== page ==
recycled concrete stockpile

Recycling Revisited – Contamination Risk from Lead Based Paint On Concrete

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Ensuring The Safe Use/Disposal of Recycled Concrete When Painted With Lead Based Paint

recycled concrete stockpileOn this page we provide the  Wikipedia cited content from an article titled, “Recycling Revisited” which was showing as a broken link in Wickipedia (En), and an update on current guidelines.
The original article was by Charles Rathmann,ᅠand dated August 4, 2005,ᅠin the Western Builder (Associated Construction Publications), subtitled; “New state guidelines make recycling of concrete, asphalt shingles easier”. The relevant content is included below, on the basis of justifiable use of an excerpt from an article. Plus, we link to an update document below.
The extract from the “Recycling Revisited” article, which refers toᅠ”how it may be concluded that concrete withᅠlead-based paintᅠwould be able to be used as clean fill without impervious cover but with some type of soil cover“ᅠis provided below. It was only part of the original longer article, which discussed other matters.
[box type=”info”]The current guidelines appear to have changed. (See the new guidance at the link provide below.)ᅠ[/box]

Original – Cited Text

“The Army Corps of Engineers' Construction Engineering Research Laboratory (CERL) has been conducting studies to see if lead-based paint in crushed concrete actually poses a hazard.ᅠ
The corps is intensely interested in concrete recycling as hundreds of aging buildings on military bases are scheduled for demolition.
CERL tested buildings and materials from 300 precast family housing units at Fort Ord, Calif. Prior to demolition, CERL conducted air-ambient, air-personnel, soil, dust, building structure, and pavement tests.
During demolition, concrete was separated from other materials and crushed with an Eagle two-stage impact crusher. Researchers took samples from the aggregate pile and from under the conveyors.
Buildings, foundations and streets were crushed together to base course for use in projects at Fort Ord and the surrounding area. CERL took samples from the finished recycled aggregate product.
According to CERL, samples from the intact buildings contained an average of 3,700 mg/kg (milligrams to kilograms) lead concentration in the paint.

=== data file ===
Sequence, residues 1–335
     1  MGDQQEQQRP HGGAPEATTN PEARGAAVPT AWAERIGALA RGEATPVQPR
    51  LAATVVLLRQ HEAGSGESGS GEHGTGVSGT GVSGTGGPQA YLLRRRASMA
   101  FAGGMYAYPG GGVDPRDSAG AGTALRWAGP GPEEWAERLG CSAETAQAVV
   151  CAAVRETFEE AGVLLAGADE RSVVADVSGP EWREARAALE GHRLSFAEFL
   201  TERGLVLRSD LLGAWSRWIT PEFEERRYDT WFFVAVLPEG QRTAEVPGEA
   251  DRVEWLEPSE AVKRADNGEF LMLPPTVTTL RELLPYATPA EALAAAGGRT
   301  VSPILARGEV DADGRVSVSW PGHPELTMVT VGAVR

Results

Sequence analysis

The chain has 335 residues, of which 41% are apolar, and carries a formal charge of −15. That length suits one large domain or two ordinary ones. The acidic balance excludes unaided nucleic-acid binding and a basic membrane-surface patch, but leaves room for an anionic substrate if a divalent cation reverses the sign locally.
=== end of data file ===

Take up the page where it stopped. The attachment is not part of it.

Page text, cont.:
This number is typical for LBP-coated concrete and is lower than what is normally found for LBP on wood surfaces.
Meanwhile, the crushed aggregate from the processed piles at the crusher site had lead concentrations averaging 17 mg/kg.
The U.S. EPA limit for lead in soil in residential areas is 400 mg/kg (total lead concentration). CERL tested the two highest concentration samples for leachate potential, and the result was less than 0.01 mg/kg — far below the Resource Conservation and Recovery Act limit of five.
Even in the vicinity of the crusher, CERL found that lead concentration in fines was relatively low at 111 mg/kg.
While this concentration is well within established limits for soil, workers should still wear respiratory protection to avoid inhaling these fines.
Higher concentration in concrete from driveways could be attributed to leaded gasoline exposure over the years.
But the Wisconsin DNR had to do their own research to confirm the CERL findings.
“We did some samples from three properties in the Milwaukee area,” Koziar said. “We conducted lead leachate tests and found that we were getting between 4,400 and 8,400 parts per million (ppm).”
That reading was well within NR 538 guidelines for materials that can be used in-ground without an impervious cover.
What this means is that according to Koziar, “concrete with lead-based paint would be able to be used as clean fill without impervious cover but with some type of soil cover.”
However, the current guidance has moved on and it now appears that site specific testing may now be required to establish whether the presence of lead paint is sufficient in quantity to cause a problem.ᅠ

Recycling Revisited – Requirements Updated (December 2014)

A fact sheet is now available from the DNR, Wisconsin, which explains: “when painted concrete is considered clean and is exempt for use vs. when painted concrete is not considered clean and where a specific approval is required by the Department of Natural Resources”.
For the current Fact Sheet, visit:ᅠ to see the explanation.
[box type=”alert”]Disclaimer: Although the author and publisher have made every effort to ensure that the information provided on this page was correct at press time, the author and publisher do not assume and hereby disclaim any liability to any party for any loss, damage, or disruption caused by errors or omissions, whether such errors or omissions result from negligence, accident, or any other cause.[/box]
We have provided a new page for this as the use of the Wayback link, would not allow the new new guidelines to be included.

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